Missing ingredients and way forward

India is behind its global counterparts in developing a local Emission Trading System (ETS), although there are encouraging signals from the recently announced carbon market roadmap along with the launch of Surat ETS pilot[viii][ix]. India is already working towards utilizing the framework of Bureau of Energy Efficiency's Perform Achieve & Trade (PAT) scheme as the building blocks for transitioning into a full-fledged national carbon market[x]. As the first step, India needs to establish the architecture for free trade in universally accepted credits, develop a credible measurement, reporting and verification (MRV) system, and establish a price for carbon Second, India needs to build the domestic appetite for the global carbon commodity: a mix of top-down and bottom-up approaches is warranted to balance environmental integrity with industrial competitiveness. Lastly, it should incentivize high co-benefit yielding projects, and diligently implement Article VI guidelines on sustainable development

Clients can learn more about about India's carbon market roadmap, challenges, preparedness, and lessons learnt from global carbon trading schemes from our insight paper and webinar on these issues (must be an S&P Global Commodity Insights client to access).

Proposed roadmap for India's future carbon market

Learn more about our energy research in Asia Pacific.

Mohd. Sahil Ali is a senior sustainability analyst with the Climate and Sustainability practice, covering cross-cutting issues in energy and climate change for Indian and South Asian markets at S&P Global Commodity Insights.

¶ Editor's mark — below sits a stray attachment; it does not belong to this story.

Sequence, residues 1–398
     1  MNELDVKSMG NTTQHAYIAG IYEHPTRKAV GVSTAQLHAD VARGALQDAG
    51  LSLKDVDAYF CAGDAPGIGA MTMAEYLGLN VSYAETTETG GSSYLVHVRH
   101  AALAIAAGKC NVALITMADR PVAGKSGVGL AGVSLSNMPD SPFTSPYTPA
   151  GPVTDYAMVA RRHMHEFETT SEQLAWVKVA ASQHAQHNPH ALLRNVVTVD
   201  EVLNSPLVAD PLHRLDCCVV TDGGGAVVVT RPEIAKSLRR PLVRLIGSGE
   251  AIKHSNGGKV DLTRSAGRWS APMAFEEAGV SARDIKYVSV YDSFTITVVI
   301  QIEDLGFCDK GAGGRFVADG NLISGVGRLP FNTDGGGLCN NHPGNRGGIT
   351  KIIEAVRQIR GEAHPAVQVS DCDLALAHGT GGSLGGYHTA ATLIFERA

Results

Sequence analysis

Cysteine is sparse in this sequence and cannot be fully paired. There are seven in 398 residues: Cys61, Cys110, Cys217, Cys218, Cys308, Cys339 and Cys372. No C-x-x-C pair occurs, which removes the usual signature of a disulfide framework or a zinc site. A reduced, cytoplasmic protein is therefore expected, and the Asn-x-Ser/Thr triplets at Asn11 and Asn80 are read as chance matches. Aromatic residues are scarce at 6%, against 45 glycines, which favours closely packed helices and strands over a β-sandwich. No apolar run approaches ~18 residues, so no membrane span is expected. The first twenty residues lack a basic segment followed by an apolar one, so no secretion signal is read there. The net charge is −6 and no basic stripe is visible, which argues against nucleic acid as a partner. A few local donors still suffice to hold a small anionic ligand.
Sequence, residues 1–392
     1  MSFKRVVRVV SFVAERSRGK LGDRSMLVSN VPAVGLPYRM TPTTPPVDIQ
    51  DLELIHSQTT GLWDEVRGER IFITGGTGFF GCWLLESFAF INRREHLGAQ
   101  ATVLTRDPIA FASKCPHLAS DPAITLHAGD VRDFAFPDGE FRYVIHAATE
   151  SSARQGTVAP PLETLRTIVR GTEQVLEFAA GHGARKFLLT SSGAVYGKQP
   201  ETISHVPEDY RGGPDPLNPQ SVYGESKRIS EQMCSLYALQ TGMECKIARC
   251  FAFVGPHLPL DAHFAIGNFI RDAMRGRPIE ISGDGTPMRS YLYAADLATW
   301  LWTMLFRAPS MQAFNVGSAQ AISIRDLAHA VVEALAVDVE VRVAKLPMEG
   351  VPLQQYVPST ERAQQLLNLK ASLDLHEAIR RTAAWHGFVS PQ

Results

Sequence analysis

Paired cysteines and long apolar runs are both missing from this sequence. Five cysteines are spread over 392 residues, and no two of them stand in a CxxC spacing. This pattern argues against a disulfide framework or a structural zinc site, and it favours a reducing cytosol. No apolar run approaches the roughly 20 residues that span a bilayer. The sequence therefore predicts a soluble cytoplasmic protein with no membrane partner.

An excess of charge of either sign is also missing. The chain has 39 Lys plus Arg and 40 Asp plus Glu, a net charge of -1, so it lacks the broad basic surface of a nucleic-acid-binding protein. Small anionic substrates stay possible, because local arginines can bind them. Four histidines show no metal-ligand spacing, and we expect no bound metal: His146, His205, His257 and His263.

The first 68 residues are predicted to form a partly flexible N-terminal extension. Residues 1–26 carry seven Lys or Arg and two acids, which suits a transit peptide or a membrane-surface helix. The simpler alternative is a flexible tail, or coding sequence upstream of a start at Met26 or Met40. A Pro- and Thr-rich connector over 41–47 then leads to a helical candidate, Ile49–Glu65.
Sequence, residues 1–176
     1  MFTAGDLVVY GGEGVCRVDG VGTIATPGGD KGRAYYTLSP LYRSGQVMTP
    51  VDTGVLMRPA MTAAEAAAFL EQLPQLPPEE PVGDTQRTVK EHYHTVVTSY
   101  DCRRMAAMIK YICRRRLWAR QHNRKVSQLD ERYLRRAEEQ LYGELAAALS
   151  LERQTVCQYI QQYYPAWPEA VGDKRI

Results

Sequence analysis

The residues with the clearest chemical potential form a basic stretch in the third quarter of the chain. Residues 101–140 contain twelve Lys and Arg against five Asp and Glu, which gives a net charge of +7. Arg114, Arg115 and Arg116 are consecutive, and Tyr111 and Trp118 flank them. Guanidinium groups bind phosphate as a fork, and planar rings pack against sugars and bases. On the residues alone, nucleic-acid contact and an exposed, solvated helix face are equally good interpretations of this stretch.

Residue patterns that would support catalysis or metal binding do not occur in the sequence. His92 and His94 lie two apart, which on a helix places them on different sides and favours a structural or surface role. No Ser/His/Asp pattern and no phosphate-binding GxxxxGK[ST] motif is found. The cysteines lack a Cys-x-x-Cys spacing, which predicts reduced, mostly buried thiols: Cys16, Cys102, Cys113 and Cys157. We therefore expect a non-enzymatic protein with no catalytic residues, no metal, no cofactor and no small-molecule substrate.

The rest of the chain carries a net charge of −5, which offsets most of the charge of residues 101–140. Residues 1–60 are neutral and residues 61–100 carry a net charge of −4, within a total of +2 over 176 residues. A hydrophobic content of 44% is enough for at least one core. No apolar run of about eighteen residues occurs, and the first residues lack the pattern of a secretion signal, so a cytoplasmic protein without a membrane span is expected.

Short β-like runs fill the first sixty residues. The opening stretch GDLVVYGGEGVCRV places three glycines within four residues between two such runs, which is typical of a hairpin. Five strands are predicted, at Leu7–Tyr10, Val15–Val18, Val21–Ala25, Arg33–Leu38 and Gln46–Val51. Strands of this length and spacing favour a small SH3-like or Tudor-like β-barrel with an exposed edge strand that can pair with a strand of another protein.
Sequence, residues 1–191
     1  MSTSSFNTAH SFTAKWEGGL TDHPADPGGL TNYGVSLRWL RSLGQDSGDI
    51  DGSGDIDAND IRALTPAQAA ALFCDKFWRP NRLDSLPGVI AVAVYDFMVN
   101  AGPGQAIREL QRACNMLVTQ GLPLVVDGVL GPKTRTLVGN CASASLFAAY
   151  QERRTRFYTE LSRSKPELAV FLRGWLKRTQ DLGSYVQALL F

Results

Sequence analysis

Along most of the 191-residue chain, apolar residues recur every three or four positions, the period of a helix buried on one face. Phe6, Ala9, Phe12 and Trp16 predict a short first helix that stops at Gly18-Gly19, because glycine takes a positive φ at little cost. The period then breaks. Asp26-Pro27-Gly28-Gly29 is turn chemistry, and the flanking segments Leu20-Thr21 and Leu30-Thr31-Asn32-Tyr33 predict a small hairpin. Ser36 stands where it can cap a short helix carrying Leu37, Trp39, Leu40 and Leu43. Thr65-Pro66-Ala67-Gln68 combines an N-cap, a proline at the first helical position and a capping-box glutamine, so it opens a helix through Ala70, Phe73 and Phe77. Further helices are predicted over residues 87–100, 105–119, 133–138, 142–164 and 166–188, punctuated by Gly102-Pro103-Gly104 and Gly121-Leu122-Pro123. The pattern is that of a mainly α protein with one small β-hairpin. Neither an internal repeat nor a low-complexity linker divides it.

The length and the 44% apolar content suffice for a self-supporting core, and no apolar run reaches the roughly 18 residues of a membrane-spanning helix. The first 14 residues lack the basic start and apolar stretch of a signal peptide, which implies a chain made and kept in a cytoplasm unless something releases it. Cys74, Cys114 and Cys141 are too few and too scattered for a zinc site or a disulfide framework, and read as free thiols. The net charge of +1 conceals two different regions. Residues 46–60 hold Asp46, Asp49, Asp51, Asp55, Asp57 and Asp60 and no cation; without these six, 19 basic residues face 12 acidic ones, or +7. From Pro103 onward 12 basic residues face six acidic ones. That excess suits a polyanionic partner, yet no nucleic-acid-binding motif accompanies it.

Posted 20 July 2022

Notes

[i] Climate change plays a role in short-term extreme weather events such as floods and cyclones, and longer-term changes in temperatures and weather patterns. These affect productivity, yields, cropping cycles and marketability of produce.

[ii] Issues of water stress, poor urban air quality, and unstable livelihoods can be traced back to the pattern of unsustainable resource-use since the industrialization era

[iii] Assets compliant with Environmental, Social and Governance (ESG) principles crossed $1 trillion USD in 2020 as governments and business joined hands to further "green recovery" post Covid-19.

[iv] At present, the CORSIA scheme is running on a voluntary basis, but its mitigation targets are set to become binding on member countries by 2025.

[v] Analysis by the Task Force on Scaling Voluntary Carbon Markets. Various assessments have placed it at $40-400, depending on the success of future climate agreements. The size is inclusive of all the credits generated under voluntary standards such as VERRA, Gold Standard, and CDM.

[vi] 'Additionality' of credits means that the emission reductions have been rigorously shown to have not been generated in the absence of carbon credit revenues.

[vii] In compliance schemes such as EU ETS prices have grown ten-fold to $90/tonCO2¬eq since the Paris Agreement.

[viii] US, EU and more recently China have developed well-functioning ETS schemes. EU ETS represents the oldest and largest compliance scheme in terms of global value (~$250bn). Chinese ETS is the largest in terms of emissions coverage (~4 Gt CO2eq).

[ix] Approximately 350 polluting industries participated in the Surat pilot, reducing their local pollutant emissions by 24%. The framework is expected to be extended into four new major cities in Gujarat. A GHG-based ETS is also in the works.

[x] The PAT scheme is India's first nation-wide a cap-and-trade market for industrial energy efficiency across energy intensive industrial sectors and units. Currently in its sixth cycle PAT has expanded from eight industrial sectors to 13 in the space of 5 years (PAT widening) and inducted more 'designated consumers' (DCs) within each category (PAT deepening). Each cycle comprises of roughly three years, and it is common for successive cycles to overlap by 2 years.



This article was published by S&P Global Commodity Insights and not by S&P Global Ratings, which is a separately managed division of S&P Global.